DCRI Faculty Speak About Clinical Research During COVID-19

March 21, 2020 – The coronavirus outbreak has limited in-person research, highlighting the need for more flexible, participant-friendly research models that can be conducted virtually.

DCRI faculty Adrian Hernandez, MD, MHS, and Susanna Naggie, MD, along with Duke Forge’s Eric Perakslis, PhD, spoke yesterday at an NIH Health Care Systems Research Collaboratory Grand Rounds webinar about how clinical research has been and will be affected by the COVID-19 outbreak.

Susanna Naggie, MDThe outbreak is moving rapidly, with confirmed cases in North Carolina increasing from 13 to 133 in about two weeks, said Naggie, Associate Dean for Clinical Research Initiatives and Regulatory Affairs for Duke University School of Medicine and director of the DCRI’s Infectious Diseases therapeutic area.

Those conducting clinical research have to consider what is essential from a research perspective, Naggie said. “We have to consider the risk staff and participants take when we are asking them to present in person,” she said.

There are currently almost 20,000 active studies in the U.S. and more than 50,000 active around the Adrian Hernandez, MD, MHSworld, said Hernandez, Vice Dean for Clinical Research for Duke University School of Medicine, with many of them seeking important answers outside of COVID-19. “To (conduct these studies) in a safe and effective manner is going to be a big stressor on the whole system,” he said. He pointed to guidance released by the FDA this week on how to implement contingency measures during the outbreak to ensure the safety and wellbeing of research participants.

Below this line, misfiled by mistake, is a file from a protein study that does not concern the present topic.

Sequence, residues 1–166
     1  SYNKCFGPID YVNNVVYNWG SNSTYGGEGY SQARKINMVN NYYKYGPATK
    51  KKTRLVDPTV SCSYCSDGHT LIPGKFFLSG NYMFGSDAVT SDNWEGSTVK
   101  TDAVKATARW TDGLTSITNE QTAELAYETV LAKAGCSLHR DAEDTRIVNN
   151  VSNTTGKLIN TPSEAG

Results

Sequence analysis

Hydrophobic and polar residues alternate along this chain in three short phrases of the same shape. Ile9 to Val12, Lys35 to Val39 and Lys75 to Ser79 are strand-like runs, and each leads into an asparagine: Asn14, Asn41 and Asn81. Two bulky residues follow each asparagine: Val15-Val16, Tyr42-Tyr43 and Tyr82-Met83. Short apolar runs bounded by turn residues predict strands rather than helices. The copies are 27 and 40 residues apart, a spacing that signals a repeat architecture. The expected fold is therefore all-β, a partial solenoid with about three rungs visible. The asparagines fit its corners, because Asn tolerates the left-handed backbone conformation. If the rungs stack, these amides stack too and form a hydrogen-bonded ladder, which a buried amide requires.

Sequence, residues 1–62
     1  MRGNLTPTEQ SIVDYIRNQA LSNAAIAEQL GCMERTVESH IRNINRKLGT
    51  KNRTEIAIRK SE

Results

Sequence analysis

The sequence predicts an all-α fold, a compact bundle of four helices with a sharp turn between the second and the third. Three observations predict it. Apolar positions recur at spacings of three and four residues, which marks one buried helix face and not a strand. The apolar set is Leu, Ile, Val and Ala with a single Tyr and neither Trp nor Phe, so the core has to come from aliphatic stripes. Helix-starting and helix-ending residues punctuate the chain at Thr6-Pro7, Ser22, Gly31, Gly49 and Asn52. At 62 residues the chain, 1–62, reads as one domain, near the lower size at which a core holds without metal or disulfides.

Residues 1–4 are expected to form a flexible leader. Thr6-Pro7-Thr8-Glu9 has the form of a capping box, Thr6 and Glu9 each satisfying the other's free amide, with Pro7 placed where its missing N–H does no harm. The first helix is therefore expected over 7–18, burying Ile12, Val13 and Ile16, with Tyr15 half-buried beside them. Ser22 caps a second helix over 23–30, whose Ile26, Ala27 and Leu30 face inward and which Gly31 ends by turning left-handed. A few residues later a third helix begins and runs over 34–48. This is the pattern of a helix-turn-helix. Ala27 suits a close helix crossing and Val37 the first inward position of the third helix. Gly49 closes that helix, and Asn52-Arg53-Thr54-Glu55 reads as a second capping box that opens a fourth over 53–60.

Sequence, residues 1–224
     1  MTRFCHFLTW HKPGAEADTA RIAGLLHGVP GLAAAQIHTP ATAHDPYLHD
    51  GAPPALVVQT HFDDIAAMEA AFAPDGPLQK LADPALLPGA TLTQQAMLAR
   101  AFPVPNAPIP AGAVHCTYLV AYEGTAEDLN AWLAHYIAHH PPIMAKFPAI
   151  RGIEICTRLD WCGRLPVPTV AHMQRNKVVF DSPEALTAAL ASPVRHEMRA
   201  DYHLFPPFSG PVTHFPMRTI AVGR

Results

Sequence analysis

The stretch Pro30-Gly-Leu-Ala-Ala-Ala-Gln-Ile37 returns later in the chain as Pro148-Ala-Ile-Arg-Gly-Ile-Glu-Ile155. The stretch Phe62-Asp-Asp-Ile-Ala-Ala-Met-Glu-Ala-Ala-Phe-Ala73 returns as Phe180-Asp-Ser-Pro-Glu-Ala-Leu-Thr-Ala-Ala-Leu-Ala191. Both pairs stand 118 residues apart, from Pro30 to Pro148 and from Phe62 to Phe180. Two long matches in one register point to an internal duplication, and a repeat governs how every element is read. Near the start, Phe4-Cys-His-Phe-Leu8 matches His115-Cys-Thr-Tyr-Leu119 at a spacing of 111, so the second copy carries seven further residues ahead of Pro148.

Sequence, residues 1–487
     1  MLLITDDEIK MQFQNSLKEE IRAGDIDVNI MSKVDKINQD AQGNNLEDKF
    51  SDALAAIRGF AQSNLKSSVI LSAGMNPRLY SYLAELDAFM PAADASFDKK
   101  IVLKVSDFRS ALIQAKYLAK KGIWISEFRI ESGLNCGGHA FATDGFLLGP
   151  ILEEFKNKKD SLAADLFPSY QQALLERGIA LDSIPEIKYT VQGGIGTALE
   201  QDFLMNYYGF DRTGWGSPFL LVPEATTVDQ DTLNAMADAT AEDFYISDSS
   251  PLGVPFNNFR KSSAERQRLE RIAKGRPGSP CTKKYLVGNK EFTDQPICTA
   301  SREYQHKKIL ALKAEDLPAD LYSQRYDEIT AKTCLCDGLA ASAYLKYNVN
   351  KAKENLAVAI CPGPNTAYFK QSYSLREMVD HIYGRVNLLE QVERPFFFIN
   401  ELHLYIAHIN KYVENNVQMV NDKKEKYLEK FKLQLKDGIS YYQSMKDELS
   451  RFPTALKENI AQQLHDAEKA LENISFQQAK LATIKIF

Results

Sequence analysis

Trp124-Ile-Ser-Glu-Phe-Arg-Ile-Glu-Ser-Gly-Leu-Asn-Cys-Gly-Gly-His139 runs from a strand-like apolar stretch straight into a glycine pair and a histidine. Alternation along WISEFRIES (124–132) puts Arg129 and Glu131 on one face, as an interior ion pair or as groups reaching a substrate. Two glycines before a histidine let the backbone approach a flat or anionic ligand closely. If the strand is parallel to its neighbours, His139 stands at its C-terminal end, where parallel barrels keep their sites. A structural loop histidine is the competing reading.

To help stakeholders define which studies are essential, Hernandez outlined a tiered system. Studies may be considered Tier 1, or essential, when no alternative therapies exist and discontinuing the studies would have a negative health impact. Tier 2 studies may have a moderate potential benefit for participants, although this benefit may be more long-term than acute. Tier 3, or nonessential studies, are primarily observational or behavioral studies with no direct benefit to participants.

As of March 16, Duke University School of Medicine implemented its Essential Clinical Research Study Policy, which temporarily suspends all in-person activities for non-essential studies. Virtual study activities are allowed to proceed.

The outbreak illustrates the need for new, participant-friendly research models, Hernandez said, in which participants are only required to come to the clinic for care they already needed and the remainder of their research participation can be completed at home.

Eric Perakslis, PhDPerakslis, a Rubenstein Fellow who has experience working in the Ebola outbreak, spoke about data considerations that would help health systems learn from this outbreak and be better prepared for the next one. A standard case report form across health systems would help improve both research and care, and the ultimate goal would be to implement a telehealth-based learning health system in which learnings could be implemented in real time.

Considerations for research will certainly continue to shift as the pandemic continues, Naggie said. For example, if doctors, nurses, or other staff with clinical training currently engaged in research are redeployed to care for patients, this will also change decisions made about how to proceed with research projects.

To learn more about the discussion, visit the NIH Collaboratory website.